Genetic Causes of Breast Cancer

Family history is a risk factor for breast cancer. Both maternal and paternal relatives are important. The risk is highest if the affected relative developed breast cancer at a young age, had cancer in both breasts, or if she is a close relative. First-degree relatives (mother, sister, and daughter) are most important in estimating risk. Several second-degree relatives (grandmother, aunt) with breast cancer may also increase risk. Breast cancer in a male increases the risk for all his close female relatives. Having relatives with both breast and ovarian cancer also increases a woman's risk of developing breast cancer.

There is great interest in genes linked to breast cancer. About 5%-10% of breast cancers are believed to be hereditary, because of mutations, or changes, in certain genes that are passed along in families.

  • BRCA1 and BRCA2 are abnormal genes that, when inherited, markedly increase the risk of breast cancer to a lifetime risk estimated between 45%-65%. Women with these abnormal genes also have an increased likelihood of developing ovarian cancer. Women who have the BRCA1 gene tend to develop breast cancer at an early age.
  • BRCA2 mutations are associated with a lifetime male breast cancer risk of about 6.8%.
  • Testing for these genes is expensive and is not always covered by insurance.
  • The issues around testing are complicated, and women who are interested in testing should discuss their risk factors with their health care providers and may want to talk to a genetic counselor.

Hormonal Causes of Breast Cancer

Hormonal influences play a role in the development of breast cancer.

  • Women who have early onset of menstruation (early menarche -- 12 or younger) or experience a late menopause (55 or older) have a slightly higher risk of developing breast cancer. Conversely, being older at the time of the first menstrual period and early menopause tend to protect one from breast cancer.
  • Having a child before 30 years of age may provide some protection, and having no children may increase the risk for developing breast cancer.
  • Using oral contraceptive pills means that a woman has a slightly increased risk of breast cancer than women who have never used them. This risk appears to decrease and return to normal with time once a woman stops taking the pills.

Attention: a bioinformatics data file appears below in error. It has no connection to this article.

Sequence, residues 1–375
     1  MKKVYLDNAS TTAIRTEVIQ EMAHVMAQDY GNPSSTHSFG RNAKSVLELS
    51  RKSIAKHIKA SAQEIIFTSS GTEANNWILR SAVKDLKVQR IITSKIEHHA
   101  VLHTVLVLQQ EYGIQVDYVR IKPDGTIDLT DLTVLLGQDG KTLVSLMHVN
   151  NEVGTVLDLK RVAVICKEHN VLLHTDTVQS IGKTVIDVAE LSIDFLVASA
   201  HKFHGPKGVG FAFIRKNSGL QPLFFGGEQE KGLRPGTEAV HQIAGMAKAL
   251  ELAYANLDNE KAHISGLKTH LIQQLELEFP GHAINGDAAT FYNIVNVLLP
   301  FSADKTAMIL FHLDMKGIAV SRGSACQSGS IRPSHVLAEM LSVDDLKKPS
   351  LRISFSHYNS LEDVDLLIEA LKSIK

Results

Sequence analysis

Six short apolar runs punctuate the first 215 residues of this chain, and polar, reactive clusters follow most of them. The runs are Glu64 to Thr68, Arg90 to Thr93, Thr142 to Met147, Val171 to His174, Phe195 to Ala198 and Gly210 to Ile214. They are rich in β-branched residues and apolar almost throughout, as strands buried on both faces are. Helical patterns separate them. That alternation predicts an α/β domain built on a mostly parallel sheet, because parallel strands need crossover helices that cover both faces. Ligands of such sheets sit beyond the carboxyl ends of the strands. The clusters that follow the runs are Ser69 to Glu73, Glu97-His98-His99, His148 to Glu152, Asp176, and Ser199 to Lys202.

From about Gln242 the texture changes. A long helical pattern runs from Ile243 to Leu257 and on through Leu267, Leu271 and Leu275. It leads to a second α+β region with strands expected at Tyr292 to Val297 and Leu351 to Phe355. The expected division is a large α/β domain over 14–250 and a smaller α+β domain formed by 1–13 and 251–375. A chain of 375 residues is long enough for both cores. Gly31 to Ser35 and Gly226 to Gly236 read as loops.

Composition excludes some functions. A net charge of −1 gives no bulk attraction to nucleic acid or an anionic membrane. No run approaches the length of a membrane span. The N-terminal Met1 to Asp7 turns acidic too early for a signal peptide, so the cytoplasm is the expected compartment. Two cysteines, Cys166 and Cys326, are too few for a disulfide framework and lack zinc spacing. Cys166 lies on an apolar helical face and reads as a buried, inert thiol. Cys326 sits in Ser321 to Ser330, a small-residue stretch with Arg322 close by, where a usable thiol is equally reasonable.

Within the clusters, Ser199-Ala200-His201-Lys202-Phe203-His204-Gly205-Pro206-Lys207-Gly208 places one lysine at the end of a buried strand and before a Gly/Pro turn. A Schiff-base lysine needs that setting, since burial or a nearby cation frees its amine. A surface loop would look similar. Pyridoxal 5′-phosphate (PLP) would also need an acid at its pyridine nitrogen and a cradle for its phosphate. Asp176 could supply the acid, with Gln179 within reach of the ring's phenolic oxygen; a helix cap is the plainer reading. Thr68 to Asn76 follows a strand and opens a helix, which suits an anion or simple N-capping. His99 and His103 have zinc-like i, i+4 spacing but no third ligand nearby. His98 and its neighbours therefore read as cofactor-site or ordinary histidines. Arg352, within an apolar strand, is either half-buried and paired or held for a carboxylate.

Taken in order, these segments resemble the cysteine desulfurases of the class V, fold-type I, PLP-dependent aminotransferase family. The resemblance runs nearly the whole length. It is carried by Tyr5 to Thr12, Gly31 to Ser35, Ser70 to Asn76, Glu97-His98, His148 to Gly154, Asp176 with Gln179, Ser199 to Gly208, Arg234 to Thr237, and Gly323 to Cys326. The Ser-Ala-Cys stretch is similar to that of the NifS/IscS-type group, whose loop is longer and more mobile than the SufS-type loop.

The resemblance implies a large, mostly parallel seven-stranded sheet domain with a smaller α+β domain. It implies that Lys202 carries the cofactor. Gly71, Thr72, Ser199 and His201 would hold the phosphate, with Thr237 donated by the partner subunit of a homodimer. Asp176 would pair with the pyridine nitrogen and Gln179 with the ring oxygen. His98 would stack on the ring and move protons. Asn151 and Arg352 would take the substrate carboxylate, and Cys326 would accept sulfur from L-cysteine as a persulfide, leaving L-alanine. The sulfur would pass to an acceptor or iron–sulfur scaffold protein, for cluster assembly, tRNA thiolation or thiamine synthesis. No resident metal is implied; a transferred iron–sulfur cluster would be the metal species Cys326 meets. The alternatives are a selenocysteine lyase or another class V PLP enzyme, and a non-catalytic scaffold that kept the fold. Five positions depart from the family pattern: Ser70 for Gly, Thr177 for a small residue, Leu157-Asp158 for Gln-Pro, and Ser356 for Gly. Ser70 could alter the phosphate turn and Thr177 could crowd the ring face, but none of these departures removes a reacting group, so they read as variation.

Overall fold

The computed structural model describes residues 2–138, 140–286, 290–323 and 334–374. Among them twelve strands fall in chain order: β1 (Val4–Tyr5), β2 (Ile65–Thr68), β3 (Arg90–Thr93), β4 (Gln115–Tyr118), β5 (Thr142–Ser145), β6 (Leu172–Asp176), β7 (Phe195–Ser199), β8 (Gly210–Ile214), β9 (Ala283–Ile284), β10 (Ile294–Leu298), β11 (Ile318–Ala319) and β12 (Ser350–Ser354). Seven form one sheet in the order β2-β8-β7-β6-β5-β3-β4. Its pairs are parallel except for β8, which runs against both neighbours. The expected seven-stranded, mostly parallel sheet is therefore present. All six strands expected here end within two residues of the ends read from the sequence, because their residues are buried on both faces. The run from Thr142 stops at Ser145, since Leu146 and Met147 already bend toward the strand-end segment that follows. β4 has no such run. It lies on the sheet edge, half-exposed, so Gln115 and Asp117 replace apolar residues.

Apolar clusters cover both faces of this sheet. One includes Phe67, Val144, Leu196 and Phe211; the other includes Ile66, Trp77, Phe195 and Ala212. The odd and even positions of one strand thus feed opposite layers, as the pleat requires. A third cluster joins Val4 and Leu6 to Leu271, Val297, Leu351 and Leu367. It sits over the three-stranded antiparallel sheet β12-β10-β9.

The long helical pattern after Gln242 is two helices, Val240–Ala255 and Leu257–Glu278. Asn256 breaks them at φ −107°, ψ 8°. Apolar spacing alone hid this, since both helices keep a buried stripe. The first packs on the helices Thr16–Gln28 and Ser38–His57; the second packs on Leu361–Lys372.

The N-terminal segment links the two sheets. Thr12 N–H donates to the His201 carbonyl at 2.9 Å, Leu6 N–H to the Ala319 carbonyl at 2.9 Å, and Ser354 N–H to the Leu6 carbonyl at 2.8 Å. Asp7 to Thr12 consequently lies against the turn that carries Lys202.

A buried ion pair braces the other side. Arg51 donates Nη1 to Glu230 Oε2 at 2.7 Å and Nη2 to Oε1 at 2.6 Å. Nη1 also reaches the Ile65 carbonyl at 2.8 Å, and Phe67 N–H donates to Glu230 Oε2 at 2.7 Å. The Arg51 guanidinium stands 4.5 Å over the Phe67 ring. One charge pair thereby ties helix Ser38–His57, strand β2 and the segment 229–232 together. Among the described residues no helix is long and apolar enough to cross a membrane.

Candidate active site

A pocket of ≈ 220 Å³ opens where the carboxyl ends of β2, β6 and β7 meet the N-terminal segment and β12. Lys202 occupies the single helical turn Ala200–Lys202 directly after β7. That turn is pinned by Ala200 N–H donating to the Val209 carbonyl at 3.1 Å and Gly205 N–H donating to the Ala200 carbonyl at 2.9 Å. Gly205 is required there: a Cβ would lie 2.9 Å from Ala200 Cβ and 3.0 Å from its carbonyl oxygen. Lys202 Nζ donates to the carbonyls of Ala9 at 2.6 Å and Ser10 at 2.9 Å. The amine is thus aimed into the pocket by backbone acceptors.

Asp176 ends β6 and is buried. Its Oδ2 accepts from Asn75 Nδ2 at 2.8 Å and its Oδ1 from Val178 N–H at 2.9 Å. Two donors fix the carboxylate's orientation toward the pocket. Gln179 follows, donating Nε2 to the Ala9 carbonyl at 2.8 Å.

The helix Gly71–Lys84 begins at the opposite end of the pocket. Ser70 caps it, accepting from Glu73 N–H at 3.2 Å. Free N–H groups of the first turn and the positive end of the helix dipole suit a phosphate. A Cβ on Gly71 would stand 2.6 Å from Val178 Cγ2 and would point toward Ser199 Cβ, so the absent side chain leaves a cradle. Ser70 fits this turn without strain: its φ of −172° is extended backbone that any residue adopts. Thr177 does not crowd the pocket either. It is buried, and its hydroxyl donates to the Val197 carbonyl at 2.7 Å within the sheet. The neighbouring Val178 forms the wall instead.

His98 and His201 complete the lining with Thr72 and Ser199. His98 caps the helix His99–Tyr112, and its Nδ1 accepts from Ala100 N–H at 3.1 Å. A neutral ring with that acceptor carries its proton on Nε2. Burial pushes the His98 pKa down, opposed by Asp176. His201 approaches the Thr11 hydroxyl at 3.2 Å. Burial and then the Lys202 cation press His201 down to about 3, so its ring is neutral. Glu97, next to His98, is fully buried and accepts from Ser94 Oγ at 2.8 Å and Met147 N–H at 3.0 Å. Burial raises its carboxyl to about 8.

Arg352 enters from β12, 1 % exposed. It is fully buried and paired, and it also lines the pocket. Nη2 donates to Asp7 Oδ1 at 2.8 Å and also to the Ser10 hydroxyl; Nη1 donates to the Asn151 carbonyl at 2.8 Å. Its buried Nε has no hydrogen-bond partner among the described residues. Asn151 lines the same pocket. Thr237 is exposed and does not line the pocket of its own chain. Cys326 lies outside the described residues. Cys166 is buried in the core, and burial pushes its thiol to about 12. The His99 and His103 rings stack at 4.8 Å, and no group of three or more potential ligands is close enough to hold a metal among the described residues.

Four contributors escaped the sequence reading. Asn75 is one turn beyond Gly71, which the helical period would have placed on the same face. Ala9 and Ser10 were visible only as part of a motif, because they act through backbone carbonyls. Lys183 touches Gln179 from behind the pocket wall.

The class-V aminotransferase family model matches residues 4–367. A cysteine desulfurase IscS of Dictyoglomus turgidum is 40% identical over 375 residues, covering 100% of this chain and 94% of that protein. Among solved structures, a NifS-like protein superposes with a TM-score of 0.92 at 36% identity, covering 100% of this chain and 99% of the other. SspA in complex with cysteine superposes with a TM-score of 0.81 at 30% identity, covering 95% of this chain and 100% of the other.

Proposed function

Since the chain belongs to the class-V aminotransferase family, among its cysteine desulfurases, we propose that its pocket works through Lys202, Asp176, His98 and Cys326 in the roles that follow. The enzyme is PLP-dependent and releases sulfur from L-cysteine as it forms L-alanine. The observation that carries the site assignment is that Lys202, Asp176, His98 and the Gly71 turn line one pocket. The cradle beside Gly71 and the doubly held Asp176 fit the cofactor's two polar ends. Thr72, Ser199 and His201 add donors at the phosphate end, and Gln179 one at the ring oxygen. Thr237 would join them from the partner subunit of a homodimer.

• A large study conducted by the Women's Health Initiative showed an increased risk of breast cancer in postmenopausal women who were on a combination of estrogen and progesterone for several years. Therefore, women who are considering hormone therapy for menopausal symptoms need to discuss the risk versus the benefit with their health care providers. Patients should weigh quality of life concerns against the relative risks of such medications.

Lifestyle and Dietary Causes of Breast Cancer

Breast cancer seems to occur more frequently in countries with high dietary intake of fat, and being overweight or obese is a known risk factor for breast cancer, particularly in postmenopausal women.

  • This link is thought to be an environmental influence rather than genetic. For example, Japanese women, at low risk for breast cancer while in Japan, increase their risk of developing breast cancer after coming to the United States.
  • Several studies comparing groups of women with high- and low-fat diets, however, have failed to show a difference in breast cancer rates.

Alcohol consumption is also an established risk factor for the development of breast cancer. The risk increases with the amount of alcohol consumed. Women who consume two to five alcoholic beverages per day have a risk about one and a half times that of nondrinkers for the development of breast cancer. Consumption of one alcoholic drink per day results in a slightly elevated risk.

Studies are also showing that regular exercise may reduce a woman's risk of developing breast cancer. Studies have not definitively established how much activity provides a significant reduction in risk. One study from the Women's Health Initiative (WHI) showed that as little as one and a quarter to two and a half hours per week of brisk walking reduced a woman's breast cancer risk by 18%.

Benign Breast Disease

  • Fibrocystic breast changes are very common. Fibrocystic breasts are lumpy with some thickened tissue and are frequently associated with breast discomfort, especially right before the menstrual period. This condition does not lead to breast cancer.
  • However, certain other types of benign breast changes, such as those diagnosed on biopsy as proliferative or hyperplastic, do predispose women to the later development of breast cancer.